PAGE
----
Since a conviction or paid fine for a camera-enforced red light ticket could cost more than $500, even with traffic violator’s school (TVS) attendance and completion, many drivers ask how to dispute one.
Of course, the easiest way to avoid a conviction is not to get a ticket. However, that’s not always as easy as it seems, even when you know precisely where those camera-enforced red light intersections are.
Where Are the Camera-Enforced Red Lights in Bakersfield, CA?
You would think fewer drivers would get caught at these camera-enforced red lights because they’ve been there for years, and their location is on the internet for all to see.
Moreover, each photo-enforced intersection must post a warning sign at the intersection.
According to Bakersfield City Hall, these are the ten camera-enforced red light intersections:
- Oswell Street and Bernard Street.
- Oak Street and California Avenue.
- Stockdale Highway, California Avenue, and New Stine Road.
- Brundage Lane and Chester Avenue.
- Stockdale Highway and Coffee Road.
- Truxton Avenue and Coffee Road.
- Old River Road and Ming Avenue.
- Real Road and Ming Avenue.
- Valley Plaza and Ming Avenue.
- Wible Road and White Lane.
“All data is transmitted and encrypted to a secure central processing center and digitally signed, preventing interception and manipulation of the evidence while ensuring the highest level of protection to the chain of custody. Following a comprehensive review process, law enforcement agencies are provided with secure evidence packages. A local officer reviews and approves the evidence to determine if a violation is warranted.”—Bakersfield City Hall.
There are two kinds of red light tickets, the camera-enforced and a law enforcement officer (LEO) issued ticket. The fine for an LEO-issued ticket is only around $237, while the camera-enforced red light ticket is about $490. You might wonder why the difference. With the camera-enforced ticket, the county must share the fine with the company that installs and maintains the cameras, Redflex Traffic Systems from Paradise Valley, AZ.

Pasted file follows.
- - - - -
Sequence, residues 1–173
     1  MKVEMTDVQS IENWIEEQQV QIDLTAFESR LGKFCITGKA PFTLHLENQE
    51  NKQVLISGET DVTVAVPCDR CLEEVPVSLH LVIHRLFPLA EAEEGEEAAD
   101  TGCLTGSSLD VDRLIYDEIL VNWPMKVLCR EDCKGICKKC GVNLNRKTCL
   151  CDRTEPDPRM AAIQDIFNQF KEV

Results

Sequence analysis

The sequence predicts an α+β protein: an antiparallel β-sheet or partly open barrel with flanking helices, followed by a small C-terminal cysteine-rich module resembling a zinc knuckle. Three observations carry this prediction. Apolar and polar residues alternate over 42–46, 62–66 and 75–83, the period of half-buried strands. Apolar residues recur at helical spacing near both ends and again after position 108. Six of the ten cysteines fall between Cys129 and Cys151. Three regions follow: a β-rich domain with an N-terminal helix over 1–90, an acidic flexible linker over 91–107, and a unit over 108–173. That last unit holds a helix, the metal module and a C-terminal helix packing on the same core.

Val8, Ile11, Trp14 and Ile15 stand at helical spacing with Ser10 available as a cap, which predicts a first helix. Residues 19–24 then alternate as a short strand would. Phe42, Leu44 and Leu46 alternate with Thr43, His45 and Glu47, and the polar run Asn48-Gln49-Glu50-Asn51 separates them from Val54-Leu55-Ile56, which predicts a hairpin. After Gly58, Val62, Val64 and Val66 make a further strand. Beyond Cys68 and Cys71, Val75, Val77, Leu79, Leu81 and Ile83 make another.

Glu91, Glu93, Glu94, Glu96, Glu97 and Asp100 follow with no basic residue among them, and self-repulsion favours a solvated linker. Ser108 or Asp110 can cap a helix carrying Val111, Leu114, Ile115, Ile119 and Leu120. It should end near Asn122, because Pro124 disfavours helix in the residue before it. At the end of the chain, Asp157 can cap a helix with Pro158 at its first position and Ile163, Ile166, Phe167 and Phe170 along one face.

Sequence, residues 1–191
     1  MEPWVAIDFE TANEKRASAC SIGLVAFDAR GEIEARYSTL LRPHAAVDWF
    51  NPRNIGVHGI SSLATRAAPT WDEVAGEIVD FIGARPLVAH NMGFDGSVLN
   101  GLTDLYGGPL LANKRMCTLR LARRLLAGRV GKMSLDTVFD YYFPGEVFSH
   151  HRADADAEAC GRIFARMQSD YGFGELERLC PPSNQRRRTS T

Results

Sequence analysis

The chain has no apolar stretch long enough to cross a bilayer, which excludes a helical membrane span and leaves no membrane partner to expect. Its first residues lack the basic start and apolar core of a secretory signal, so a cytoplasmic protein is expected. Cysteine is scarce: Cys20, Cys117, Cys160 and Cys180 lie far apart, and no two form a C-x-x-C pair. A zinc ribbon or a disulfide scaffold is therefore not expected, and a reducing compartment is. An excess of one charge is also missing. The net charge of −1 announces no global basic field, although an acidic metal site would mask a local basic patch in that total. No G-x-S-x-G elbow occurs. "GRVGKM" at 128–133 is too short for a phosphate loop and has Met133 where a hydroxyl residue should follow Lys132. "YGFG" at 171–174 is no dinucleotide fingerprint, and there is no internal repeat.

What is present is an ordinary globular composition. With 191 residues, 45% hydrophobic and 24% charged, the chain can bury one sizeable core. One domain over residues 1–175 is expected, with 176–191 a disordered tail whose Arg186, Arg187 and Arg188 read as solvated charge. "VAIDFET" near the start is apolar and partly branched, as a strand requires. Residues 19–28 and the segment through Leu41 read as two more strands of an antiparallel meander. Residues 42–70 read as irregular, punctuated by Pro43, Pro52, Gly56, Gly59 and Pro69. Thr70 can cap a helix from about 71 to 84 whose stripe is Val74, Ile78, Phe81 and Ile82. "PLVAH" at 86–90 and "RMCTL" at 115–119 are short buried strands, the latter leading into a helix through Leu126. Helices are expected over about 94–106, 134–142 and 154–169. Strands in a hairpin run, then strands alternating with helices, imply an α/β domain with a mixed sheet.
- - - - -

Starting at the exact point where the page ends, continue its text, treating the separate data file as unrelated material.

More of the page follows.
TVS & Camera-Enforced Red Light Tickets
Many drivers believe that attending TVS will get their red light ticket completely dismissed without a fine or court record. This belief is incorrect.
To attend TVS, you must first plead guilty, pay the total fine amount, about $490, pay Kern County for the privilege of attending, about $67, pay the tuition, between $10 and $20, and complete it before your court-ordered completion date, and then pay the DMV $3 to file your certificate. That’s closer to $600 not to mention the time.
What’s more, it is not automatic.
You might not even be eligible to attend TVS if:
- You don’t have a legal CA driver’s license (DL).
- You were operating a CMV or commercial motor vehicle (CMV).
- Your ticket was for other than a minor infraction or you have a mandatory court appearance, speeding 100+ mph, a misdemeanor, or felony including a drug or alcohol-related charge.
- You attended TVS to keep a ticket confidential within the previous 18 months.
- You were speeding 25 mph or more than the speed limit (however, a traffic attorney can sometimes get approval from the judge.)
Plus, if you get another ticket within the next 18 months, all that was for naught. Although that ticket will be kept confidential, a conviction or paid fine for a second ticket will mean losing your “good driver’s discount,”and your auto insurance provider will add the risk associated with the offense.
You should always consult a traffic attorney before you decide to plead guilty, accept TVS, and pay the fine. Some traffic tickets are easily disputed in traffic court, and a camera-enforced red light ticket could be one of those—you’ll never know until you ask.
What If I Wasn’t Driving?
The burden of proof lies with the State. If you are clearly not the driver in the photo, it is up to the State to prove who was. You are not required to provide the LEO or judge with that information. That’s another reason it is better to hire a traffic attorney to resolve your red light ticket. If you are not in court, the judge can’t ask you.
Ask Bigger & Harman, APC, about Your Camera-Enforced Red Light Ticket
When you get a camera-enforced red light ticket in the mail, call (661) 349-9300 for a consultation.
We use a fixed rate to resolve all traffic tickets and DMV NOTS hearings. Regardless of what most people believe, it is almost always cheaper to hire a traffic lawyer than pay a fine and the increase in insurance premiums for three years. The record of conviction or paid fine will remain on your driving record for 36 to 39 months.
Se habla Español (661) 349-9755.
References:California Rules of Court 4.104